'Cairoli? Yes. That's my son. World champion at motor-cross five times. When he wins it eleven times we'll be happy.'
All attention turned away from the would-be killer to the father of the world champion of which the whole town is justifiably proud.
'How did he start his career? Everyone is amazed that our small town, with no facilities and no encouragement somebody could make it with such success!'
'I know. I had to make the track myself – down by the old riverbed. Started him on a bike when he was three. Took to it like a fish to water. Sings as he races, he does. You see I always wanted to race myself but my father was cowardly; wouldn't let me. After I die, he said, but then it was too late. So I had to wait for a son of my own to train to succeed where I had no chance. But first a daughter was born, then another and – a third baby girl.'
Sympathetic murmurs came from all around the room, for everyone knew the problems with having daughters: dowries to be saved for, husbands to be sought, unwanted attentions from unsuitable males to be fought off, no brothers to protect the sisters, and nobody to carry on the family name!
'And then, by the grace of God, after nine more years – a baby boy! I travel the world with him now. Lives in Belgium, he does, where he can keep up his training.'
'We had a great town welcome for him, when was it, two years ago? Not last year I think.'
'No, last year my wife died. So, no celebrations. Next year, though. He'll be back.'
Then it was Cairoli's turn to see the doctor, and the waiting patients sat back and basked in the glory of the townsman who made it and the satisfaction of hearing of a dream that came true.
My husband broke the silence to tell us a story about a very rich and successful businessman who owned a factory in the north of Italy.
'He made his money bartering rice for steel. You know how the rice fields in our northern planes are so fertile? Well, he got a great deal. Then, with the steel he started a large valve factory in the mountains near Turin where I worked for a short time and became a multi millionaire. But in spite of all his money he had a desperate fear of growing old and sick. So, when the huge Ragno underwear manufacturers went bust he bought the factory and started building a state of the art health centre on the site, and went about engaging top specialist doctors from Switzerland. Unfortunately, before it was completed, he was driving into the site one day to inspect it when he crashed into a gatepost – and was killed instantly. He was only in his early fifties. The health centre never went ahead and his daughter and his son took over the valve factory. The son had a strange name, what was it now? Oh, yes, I remember. It was Fausto!'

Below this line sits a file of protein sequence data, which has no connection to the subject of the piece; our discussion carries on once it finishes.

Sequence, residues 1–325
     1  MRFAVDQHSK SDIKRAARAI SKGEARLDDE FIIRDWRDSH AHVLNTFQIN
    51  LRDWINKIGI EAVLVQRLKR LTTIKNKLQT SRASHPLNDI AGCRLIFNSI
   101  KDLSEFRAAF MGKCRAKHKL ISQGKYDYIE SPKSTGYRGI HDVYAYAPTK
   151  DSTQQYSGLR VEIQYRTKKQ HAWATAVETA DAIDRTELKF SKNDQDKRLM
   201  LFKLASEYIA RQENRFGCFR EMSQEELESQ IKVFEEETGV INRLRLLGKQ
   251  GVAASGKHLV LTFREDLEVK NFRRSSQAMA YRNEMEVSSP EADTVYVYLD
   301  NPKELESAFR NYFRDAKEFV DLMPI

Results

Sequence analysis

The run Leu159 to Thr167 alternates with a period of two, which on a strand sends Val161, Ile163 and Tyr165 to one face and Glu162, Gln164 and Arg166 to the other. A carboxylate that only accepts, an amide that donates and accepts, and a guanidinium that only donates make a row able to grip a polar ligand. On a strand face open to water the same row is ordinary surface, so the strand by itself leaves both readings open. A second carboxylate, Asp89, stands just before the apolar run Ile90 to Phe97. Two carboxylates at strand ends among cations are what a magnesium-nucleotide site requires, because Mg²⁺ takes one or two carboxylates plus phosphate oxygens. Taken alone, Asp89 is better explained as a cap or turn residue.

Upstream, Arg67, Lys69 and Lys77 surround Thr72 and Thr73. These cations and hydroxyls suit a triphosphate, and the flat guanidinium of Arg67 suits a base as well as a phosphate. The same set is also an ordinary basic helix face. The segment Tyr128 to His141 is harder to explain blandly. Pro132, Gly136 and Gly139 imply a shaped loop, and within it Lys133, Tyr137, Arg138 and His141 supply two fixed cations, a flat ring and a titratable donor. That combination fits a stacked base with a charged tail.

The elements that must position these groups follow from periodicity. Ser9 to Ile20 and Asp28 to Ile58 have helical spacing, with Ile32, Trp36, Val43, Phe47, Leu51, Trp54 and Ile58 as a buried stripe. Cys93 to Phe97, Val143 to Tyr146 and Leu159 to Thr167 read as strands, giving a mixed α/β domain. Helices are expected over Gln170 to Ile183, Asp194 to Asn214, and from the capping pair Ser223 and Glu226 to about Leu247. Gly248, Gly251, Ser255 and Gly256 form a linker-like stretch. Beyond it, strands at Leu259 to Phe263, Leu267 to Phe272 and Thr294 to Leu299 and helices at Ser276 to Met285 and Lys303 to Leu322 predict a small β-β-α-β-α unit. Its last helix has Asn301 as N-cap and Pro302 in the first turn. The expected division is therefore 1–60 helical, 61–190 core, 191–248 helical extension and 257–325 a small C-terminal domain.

'Ah,' I rose as it was our turn to see the doctor, 'If he was afraid of growing old, of course he would choose Faust.'
'Why, who's Faust?'
'Tell you later. Come on, we mustn't keep the doctor waiting.'

Thursday, September 5, 2013


by Madelaine Nerson MacNamara  ©2013

The guitar case
Bobs by your knee.
Orange street lights
Nest in puddles.

Striding the bridge
Near the courthouse
Do you wonder
Who'll dance tonight?